Boston Celtics: Is This the Last We've Seen of Boston's Big Three?
The Boston Celtics are finished, in more ways than one.
Boston's playoff run has come to a screeching halt and it's time for Danny Ainge and the Celtics organization to accept the reality they couldn't come to terms with by March's trade deadline—the Boston Three Party is all but history.
But that was then, this is now.
Allen (36), Garnett (36) and Pierce (34) have played their last game together. Not because any of them have severely disappointed or been rendered incapable, but because it's time.
After three years of astonishing success followed by two more of moderate fortune, the end of an era is near. And Boston knows that.
As the Celtics played their way toward a 24-10 record after the All-Star break, word came that the Big Three were almost dismantled prior to the trade deadline.
As it turned out, they did, but even their best effort pales in comparison to Miami's and a healthy Chicago's. Those teams are the Eastern Conference's measuring sticks, and the Celtics no longer measure up. They're simply not young or fresh enough.
Age is a fickle friend, but more of an enemy within NBA circles. No matter how efficient Allen remains from deep, no matter how often Garnett turns back the clock and no matter how clutch Pierce continues to be, toiling with uncertainty is no longer a luxury the Celtics are afforded.
The best days of Boston's core are behind them. And in a league where athleticism reigns supreme, the Celtics are officially wavering.
We relish in their unexpected postseason push, but how effective would any of them be without Rondo? More so than people care to admit, he, not the Big Three, truly has become the heart and soul of this team.
Rondo is the one the entire team looks to for guidance. He's the who one creates scoring opportunities for Allen and Garnett. He's the one who draws double-teams on the weak side leaving Pierce free to score in isolation. And he's the one who has allowed his teammates to seemingly stave off the rigors of age.
It's these subtle changes, borderline regressions that are cause for concern. It's easy to accept Boston's defiance of age, but the Big Three's deficiencies are limitedly apparent, mostly, because of Rondo.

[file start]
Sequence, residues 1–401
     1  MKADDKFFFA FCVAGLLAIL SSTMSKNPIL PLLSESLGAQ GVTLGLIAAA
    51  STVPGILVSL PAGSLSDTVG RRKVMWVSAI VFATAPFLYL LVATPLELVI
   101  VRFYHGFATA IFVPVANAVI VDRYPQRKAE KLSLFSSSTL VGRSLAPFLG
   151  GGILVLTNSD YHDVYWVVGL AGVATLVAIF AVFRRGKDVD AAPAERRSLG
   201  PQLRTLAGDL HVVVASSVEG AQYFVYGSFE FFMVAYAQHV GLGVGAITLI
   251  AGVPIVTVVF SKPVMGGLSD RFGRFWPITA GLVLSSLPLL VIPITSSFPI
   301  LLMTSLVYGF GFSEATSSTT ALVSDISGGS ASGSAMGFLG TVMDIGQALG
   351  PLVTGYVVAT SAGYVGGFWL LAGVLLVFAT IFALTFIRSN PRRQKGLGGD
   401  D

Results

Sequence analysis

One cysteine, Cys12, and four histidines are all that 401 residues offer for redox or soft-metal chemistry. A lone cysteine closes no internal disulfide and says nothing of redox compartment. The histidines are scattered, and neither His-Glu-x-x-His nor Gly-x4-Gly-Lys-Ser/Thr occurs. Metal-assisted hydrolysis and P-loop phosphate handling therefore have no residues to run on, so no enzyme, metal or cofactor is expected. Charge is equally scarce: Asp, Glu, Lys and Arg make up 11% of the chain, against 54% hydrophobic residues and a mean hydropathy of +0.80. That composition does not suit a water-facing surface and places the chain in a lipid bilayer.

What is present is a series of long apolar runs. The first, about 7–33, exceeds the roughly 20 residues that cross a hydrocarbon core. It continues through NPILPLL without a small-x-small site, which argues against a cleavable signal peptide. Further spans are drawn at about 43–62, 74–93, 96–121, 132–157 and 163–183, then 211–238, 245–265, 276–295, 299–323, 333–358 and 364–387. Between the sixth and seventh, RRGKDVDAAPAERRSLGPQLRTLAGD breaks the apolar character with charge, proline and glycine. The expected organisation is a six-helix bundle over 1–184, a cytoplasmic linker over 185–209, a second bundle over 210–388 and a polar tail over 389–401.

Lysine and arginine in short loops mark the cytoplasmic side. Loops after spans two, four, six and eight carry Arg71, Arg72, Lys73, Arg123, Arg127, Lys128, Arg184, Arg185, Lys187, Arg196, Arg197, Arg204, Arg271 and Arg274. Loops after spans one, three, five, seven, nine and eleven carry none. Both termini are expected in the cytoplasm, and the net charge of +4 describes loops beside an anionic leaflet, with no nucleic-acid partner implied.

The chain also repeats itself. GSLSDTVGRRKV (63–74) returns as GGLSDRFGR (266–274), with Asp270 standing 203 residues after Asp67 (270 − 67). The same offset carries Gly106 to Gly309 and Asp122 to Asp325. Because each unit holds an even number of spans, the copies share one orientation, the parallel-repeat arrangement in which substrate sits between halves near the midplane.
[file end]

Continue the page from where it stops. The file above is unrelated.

Such a dynamic is not going to win championships. The Celtics need pieces who are not on the verge of becoming products of Rondo's court vision, dribble penetration and overall two-way prowess, and they need them now.
Both Allen and Garnett are unrestricted free agents this summer, and Pierce still has some trade value to cash in on. While dealing Pierce is a move Boston will continue to split hairs over, Allen and Garnett should have already said their goodbyes.
Bringing each back at a steep discount would undoubtedly be an avenue the Celtics explore should the opportunity present itself, yet, Allen and Garnett combined for more than $31 million in payroll this season. It's highly unlikely either settles for the amount of money and contract length Boston would be willing to invest in them.
Have we seen the last of the Boston Celtics' Big Three?
And amicable or not, a split is not only unavoidable, but it's acceptable, because this is now Rondo's team.
He, along with Avery Bradley, are the faces of the future, the ones who will draw in prospective free agents. They are the ones who will instill a sense of hope and purpose into a franchise now in limbo—not Allen, Garnett or even Pierce.
Letting go is hard to do, but sometimes, it's necessary.
And now, for the Celtics, after another pre-finals exit courtesy of the Heat, it's necessary.
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